Experiment 6: effects of anaesthetic treatment with CO2

In tests performed 5 h after training, the performance of the group that had received CO2 treatment 60 min before training was not significantly different from that of the control group that had received training but no CO2 treatment (M-W, P>0.05)(Fig. 7). However, groups that had been given CO2 treatment immediately or 1 min after training exhibited no significant level of conditioning: their preference for peppermint did not differ significantly from that before training (WCX, P>0.05). Apparently, CO2 treatment induced retrograde amnesia. With an increase in the interval between training and treatment, the effects of the anaesthetic treatment decreased, and anaesthetic-resistant memory developed fully 20 min after training. The level of performance of the 20 min interval group did not differ significantly from that of the control group (M-W, P>0.05). This result indicates that olfactory retention after differential conditioning can be divided into two phases, i.e. an early phase sensitive to anaesthetic treatment and a later anaesthetic-resistant phase.

In our previous study, we used an operant conditioning paradigm and found that crickets learnt to associate odours with reward or punishment and retain olfactory memory for at least 7 days(Matsumoto and Mizunami,2000). In the present study, we used classical conditioning and operant testing procedures to examine the conditioning variables that govern olfactory memory retention. During training, the crickets were placed in small beakers, and two odours were presented sequentially. The first odour was paired with the reward and the second with the punishment. The crickets were later placed in an arena and allowed to choose freely between the two odours presented simultaneously and without reinforcement. While there is no a priori reason for the crickets to carry their training experience over to this active test situation, they clearly exhibited a transfer of the training effect. A similar transfer of olfactory memory to a different test situation has also been reported in the fruit fly Drosophila melanogaster(Tully and Quinn, 1985) and in honeybees (Gerber et al.,1996).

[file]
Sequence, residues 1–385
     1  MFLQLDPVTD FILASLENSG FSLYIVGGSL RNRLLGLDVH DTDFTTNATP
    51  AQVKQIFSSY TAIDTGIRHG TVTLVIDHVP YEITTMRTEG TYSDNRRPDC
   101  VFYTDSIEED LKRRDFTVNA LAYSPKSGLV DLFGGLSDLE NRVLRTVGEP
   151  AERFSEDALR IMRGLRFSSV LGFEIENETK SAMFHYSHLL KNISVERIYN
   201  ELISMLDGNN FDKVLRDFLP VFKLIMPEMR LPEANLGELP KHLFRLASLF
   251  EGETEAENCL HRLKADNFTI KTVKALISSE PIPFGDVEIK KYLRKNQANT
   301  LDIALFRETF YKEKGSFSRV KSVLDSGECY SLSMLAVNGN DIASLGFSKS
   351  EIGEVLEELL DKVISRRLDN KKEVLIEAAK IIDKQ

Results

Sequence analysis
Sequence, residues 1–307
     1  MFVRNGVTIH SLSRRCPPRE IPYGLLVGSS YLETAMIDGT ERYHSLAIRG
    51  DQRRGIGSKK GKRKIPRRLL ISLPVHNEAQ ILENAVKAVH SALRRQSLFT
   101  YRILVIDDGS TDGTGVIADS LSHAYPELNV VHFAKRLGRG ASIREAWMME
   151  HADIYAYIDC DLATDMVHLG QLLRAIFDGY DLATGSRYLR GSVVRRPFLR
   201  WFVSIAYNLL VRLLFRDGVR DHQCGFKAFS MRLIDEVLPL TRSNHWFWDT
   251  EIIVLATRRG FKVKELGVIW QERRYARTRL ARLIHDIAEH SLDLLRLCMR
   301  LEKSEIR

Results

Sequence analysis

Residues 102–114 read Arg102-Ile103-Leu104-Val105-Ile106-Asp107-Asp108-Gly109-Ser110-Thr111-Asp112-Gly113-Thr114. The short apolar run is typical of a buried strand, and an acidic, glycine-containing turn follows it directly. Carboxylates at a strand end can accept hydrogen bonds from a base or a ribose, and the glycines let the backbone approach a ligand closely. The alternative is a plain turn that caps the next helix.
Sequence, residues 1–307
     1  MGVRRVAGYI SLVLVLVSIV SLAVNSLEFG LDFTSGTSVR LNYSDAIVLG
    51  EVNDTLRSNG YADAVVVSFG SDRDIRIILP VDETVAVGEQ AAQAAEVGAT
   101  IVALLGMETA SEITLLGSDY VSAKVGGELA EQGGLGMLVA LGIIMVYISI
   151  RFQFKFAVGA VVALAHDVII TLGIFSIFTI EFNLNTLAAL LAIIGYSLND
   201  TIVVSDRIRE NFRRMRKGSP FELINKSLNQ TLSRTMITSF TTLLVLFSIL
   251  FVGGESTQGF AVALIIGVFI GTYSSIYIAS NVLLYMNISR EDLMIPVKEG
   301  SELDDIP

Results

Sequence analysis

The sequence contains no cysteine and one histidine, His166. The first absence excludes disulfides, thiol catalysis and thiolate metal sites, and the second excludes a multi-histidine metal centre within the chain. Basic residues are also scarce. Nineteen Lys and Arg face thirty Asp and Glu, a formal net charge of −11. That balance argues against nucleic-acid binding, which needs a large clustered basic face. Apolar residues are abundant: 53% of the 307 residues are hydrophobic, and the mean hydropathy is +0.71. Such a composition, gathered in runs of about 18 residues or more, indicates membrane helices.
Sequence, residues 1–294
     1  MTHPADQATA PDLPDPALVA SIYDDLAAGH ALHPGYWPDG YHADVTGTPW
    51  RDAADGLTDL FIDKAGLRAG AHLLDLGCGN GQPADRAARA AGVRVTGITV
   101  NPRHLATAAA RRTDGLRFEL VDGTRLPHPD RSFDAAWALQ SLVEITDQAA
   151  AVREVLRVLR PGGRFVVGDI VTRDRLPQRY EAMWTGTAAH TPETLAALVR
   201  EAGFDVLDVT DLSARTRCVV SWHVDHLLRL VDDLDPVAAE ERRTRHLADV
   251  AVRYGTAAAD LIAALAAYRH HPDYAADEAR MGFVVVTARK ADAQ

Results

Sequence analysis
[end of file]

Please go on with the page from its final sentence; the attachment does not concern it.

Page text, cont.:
The differential conditioning procedure in which one odour was associated with a reward and the other with punishment led to the highest levels of 2 h,1 day and 4 day olfactory memory retention among the five types of conditioning procedures employed (Fig. 3). Notably, many previous studies on insect olfactory learning have been carried out using differential conditioning with one odour stimulus rewarded and a second unrewarded (honeybees, Mauelshagen, 1993; Hammer, 1993), with one odour stimulus punished and the other unpunished (fruit flies, Quinn and Dudai, 1976; Tully and Quinn, 1985) or using elementary appetitive conditioning (honeybees, Menzel, 1990, 1999; Gerber et al., 1998). The use of differential conditioning with one odour rewarded and the other punished is rare. There is one study using fruit flies to determine the effects of differential conditioning training in which one odour was associated with a sucrose reward and the other with an electric shock(Tempel et al., 1983), but olfactory retention was examined only up to 24 h, which represents middle-term rather than long-term memory (Tully et al., 1994).